The code uses an iterative method, but one I’ve already thought through as far as implementation in a microcontroller.  It works back from the target clock, first finding a Pdiv that results in a Fvco closest to the nominal 135MHz.  It then tries all valid Pdiv’s above and below that still fit within the 80-230MHz range.  For each Pdiv/Fvco combination, it tries all the N multipliers from 1 through the max 4095, checking if the multiplied frequency modulo the Fvco results in no remainder, producing a viable M.  From there it calculates the intermediate values required to shove into the PLL registers, and outputs an I2C string to the BusPirate to set the clock.

As useful as the above is, setting the clock speed can sometimes be something you want to do at run-time.  Or more likely, you just don’t want to have to go through all that trouble when prototyping requires you to change the clock.  To solve that problem, I also designed a board that includes a microcontroller:

Populating this board is lower priority, but it’ll happen sometime soon.  The Xmega32A4 on the right is intended to run a microcontroller version of the above algorithm, with some tweaks in place for performance.  Mostly that means trying to fit the calculation into common bit widths, and dealing with the cases where it can’t gracefully and efficiently.  The goal is to have a register set on the MCU accessible via the various available protocols (the upper row of the board is a straight copy of a “serial” port on the Xmega, providing hardware async serial, I2C, and SPI) that lets you simply say “I want xx.yyyMHz on pin X, go!” and get a clock out.  Things get a little bit more complicated when you ask it to deliver two different clocks on pins that share a PLL, but that’s only a matter of finding a common Fvco with which two Pdiv’s generate the requested clocks.

A more interesting feature of the code destined for the MCU is the ability to lock the crystal to an external pulse.  To do so you would designate one of the interface pins as a trigger, and configure it for a particular mode.  To start off, the MCU will switch its clock from the internal oscillator to one of the PLL’s outputs, thus creating a cycle counter based on the crystal.  When these pulses are detected on the pin, the MCU will compute the difference between the actual counter and the desired counter, and run a PID to generate the VCXO control voltage, thereby dragging the crystal back into alignment with the external source.

The trigger modes would be pulse-before-count, pulse-after-count, and pulse-per-X.   In the first, the controlling circuit is expected to provide a trigger pulse, and then set a register with the cycle count that it was supposed to be located at.  In the second, you would set the register before the trigger pulse.  In the last, you set the number of cycles that are supposed to occur between pulses that come at regular intervals.  This mode is ideal for interfacing with the 1PPS signal coming off a GPS receiver.  Run the MCU off Y1 at the base 24.576MHz frequency, set the register to 24,576,000, connect 1PPS to the right pin, and suddenly you have a locked atomic frequency.

I intend to sell both of these modules on my (still upcoming) webshop.  The bare module should probably run about $10, while the Xmega-based module will likely run around  $20-$25.  As usual, if you need one of these and can’t wait for the webshop, let me know and I’ll see what I can do.  Just remember the code for the MCU doesn’t exist just yet.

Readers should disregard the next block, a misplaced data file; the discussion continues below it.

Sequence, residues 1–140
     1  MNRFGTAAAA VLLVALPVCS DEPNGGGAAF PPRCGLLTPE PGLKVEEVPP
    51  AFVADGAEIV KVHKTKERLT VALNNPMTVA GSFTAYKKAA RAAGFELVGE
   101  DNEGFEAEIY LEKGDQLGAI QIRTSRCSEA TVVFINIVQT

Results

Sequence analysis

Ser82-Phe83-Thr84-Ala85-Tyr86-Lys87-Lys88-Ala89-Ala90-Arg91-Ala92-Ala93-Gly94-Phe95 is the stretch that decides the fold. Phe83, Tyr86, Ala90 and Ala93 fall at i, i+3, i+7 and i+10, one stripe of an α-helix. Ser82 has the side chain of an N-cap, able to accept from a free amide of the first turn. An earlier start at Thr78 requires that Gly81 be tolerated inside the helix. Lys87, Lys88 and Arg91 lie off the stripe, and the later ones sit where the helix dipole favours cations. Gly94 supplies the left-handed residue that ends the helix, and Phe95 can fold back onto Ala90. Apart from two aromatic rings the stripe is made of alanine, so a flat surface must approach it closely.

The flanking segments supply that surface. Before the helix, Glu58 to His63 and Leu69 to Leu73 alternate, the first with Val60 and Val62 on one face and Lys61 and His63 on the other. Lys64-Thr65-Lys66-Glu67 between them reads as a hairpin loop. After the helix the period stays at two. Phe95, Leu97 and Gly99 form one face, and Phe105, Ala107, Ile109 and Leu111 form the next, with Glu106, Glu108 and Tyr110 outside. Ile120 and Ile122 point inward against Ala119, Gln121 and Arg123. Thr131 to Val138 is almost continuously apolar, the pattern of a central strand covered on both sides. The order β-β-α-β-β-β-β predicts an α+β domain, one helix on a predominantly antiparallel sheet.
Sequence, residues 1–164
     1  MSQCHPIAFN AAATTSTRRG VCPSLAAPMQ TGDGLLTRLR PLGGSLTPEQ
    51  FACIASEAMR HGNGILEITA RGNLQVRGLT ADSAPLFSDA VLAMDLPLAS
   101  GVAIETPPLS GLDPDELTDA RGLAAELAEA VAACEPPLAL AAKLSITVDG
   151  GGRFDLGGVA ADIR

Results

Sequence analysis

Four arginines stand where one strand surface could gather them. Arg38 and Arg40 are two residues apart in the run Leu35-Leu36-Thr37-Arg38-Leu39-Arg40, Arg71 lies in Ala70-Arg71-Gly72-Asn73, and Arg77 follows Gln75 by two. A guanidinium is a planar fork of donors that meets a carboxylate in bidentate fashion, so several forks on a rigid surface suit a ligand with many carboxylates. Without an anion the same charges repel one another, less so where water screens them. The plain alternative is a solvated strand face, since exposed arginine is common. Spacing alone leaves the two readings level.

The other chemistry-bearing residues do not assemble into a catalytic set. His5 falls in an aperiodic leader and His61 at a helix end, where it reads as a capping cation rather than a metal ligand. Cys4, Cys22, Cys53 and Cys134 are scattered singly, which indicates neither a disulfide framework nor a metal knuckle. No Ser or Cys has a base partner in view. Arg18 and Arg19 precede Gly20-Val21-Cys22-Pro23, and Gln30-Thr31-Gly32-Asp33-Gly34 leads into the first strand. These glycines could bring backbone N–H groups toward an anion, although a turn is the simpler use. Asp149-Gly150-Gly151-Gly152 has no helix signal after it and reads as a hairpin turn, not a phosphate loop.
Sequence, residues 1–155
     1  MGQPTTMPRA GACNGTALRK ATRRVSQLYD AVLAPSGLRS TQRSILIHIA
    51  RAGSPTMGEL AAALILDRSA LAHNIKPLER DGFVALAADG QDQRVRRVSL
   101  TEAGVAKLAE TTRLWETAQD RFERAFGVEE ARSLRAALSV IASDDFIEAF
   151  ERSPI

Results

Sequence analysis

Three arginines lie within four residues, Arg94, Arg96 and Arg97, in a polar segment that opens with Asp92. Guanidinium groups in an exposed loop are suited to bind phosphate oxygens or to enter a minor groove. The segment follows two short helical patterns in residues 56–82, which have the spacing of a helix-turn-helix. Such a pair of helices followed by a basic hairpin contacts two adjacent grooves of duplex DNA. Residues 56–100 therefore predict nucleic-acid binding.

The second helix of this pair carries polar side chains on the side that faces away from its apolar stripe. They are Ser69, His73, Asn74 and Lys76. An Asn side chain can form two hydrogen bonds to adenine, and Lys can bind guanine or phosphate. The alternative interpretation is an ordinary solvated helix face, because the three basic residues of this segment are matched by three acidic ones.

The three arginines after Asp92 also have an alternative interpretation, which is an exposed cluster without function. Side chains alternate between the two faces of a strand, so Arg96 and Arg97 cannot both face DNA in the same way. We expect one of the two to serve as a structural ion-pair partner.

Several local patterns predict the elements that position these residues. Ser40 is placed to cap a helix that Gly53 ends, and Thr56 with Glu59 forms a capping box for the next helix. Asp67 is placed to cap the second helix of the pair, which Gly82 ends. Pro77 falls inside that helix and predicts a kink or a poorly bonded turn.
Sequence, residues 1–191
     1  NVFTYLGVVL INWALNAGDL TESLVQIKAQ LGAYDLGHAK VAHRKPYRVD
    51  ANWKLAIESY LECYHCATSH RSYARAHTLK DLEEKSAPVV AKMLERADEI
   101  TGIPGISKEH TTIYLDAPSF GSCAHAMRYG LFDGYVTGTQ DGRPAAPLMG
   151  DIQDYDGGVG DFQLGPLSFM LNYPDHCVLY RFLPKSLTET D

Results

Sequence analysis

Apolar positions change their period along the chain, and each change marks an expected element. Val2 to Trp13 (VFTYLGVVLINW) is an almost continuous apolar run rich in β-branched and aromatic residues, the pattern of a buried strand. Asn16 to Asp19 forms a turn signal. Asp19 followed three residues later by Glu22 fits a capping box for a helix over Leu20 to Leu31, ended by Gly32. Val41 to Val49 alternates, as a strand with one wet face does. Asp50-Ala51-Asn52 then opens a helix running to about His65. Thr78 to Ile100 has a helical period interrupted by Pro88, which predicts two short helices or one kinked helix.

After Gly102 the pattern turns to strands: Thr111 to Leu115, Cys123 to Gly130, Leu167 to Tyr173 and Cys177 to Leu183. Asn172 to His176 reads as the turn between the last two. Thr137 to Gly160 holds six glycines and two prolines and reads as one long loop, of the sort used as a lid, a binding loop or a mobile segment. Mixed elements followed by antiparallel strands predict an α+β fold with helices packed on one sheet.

Xmega fractional baud-rate source code


Earlier I posted a spreadsheet I created that calculated the BSEL and BSCALE for the Xmega’s fractional baud-rate generator.  This works well to determine what the potential is for getting your chip to run a viable baud-rate for a given clock, but isn’t so useful when you actually want to write a configurable piece of code.

Since then I’ve developed two methods for generating the appropriate register settings for a given baud rate.  The first method was designed around the original constraints I had, which were that the CPU frequency and baud-rate were set statically in the source code, and never changed or dealt with programmatically.  As such, it’s a set of macros that determine the best available BSEL and BSCALE:

#ifndef __XMEGA_BAUD_H__
#define __XMEGA_BAUD_H__

#define _BAUD_BSEL_FROM_BAUDSCALE(f_cpu,baud,bscale) (                \
((bscale) < 0) ?                                                      \
  (int)((((float)(f_cpu)/(8*(float)(baud)))-1)*(1<<-(bscale)))        \
: (int)((float)(f_cpu)/((1<<(bscale))*8*(float)(baud)))-1 )

#define _BSCALE(f_cpu,baud) (                                         \
(_BAUD_BSEL_FROM_BAUDSCALE(f_cpu,baud,-7) < 4096) ? -7 :              \
(_BAUD_BSEL_FROM_BAUDSCALE(f_cpu,baud,-6) < 4096) ? -6 :              \
(_BAUD_BSEL_FROM_BAUDSCALE(f_cpu,baud,-5) < 4096) ? -5 :              \
(_BAUD_BSEL_FROM_BAUDSCALE(f_cpu,baud,-4) < 4096) ? -4 :              \
(_BAUD_BSEL_FROM_BAUDSCALE(f_cpu,baud,-3) < 4096) ? -3 :              \
(_BAUD_BSEL_FROM_BAUDSCALE(f_cpu,baud,-2) < 4096) ? -2 :              \
(_BAUD_BSEL_FROM_BAUDSCALE(f_cpu,baud,-1) < 4096) ? -1 :              \
(_BAUD_BSEL_FROM_BAUDSCALE(f_cpu,baud,0) < 4096) ? 0 :                \
(_BAUD_BSEL_FROM_BAUDSCALE(f_cpu,baud,1) < 4096) ? 1 :                \
(_BAUD_BSEL_FROM_BAUDSCALE(f_cpu,baud,2) < 4096) ? 2 :                \
(_BAUD_BSEL_FROM_BAUDSCALE(f_cpu,baud,3) < 4096) ? 3 :                \
(_BAUD_BSEL_FROM_BAUDSCALE(f_cpu,baud,4) < 4096) ? 4 :                \
(_BAUD_BSEL_FROM_BAUDSCALE(f_cpu,baud,5) < 4096) ? 5 :                \
(_BAUD_BSEL_FROM_BAUDSCALE(f_cpu,baud,6) < 4096) ? 6 :                \
7 )

#define BSEL(f_cpu,baud)                                              \